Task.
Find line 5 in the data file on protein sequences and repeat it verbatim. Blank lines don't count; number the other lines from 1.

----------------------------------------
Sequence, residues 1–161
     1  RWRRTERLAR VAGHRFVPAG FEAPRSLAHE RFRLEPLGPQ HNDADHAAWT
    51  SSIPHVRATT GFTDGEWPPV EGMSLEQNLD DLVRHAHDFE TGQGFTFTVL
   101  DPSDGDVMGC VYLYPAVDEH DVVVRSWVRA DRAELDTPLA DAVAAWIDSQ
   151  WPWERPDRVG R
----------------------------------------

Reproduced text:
   151  WPWERPDRVG R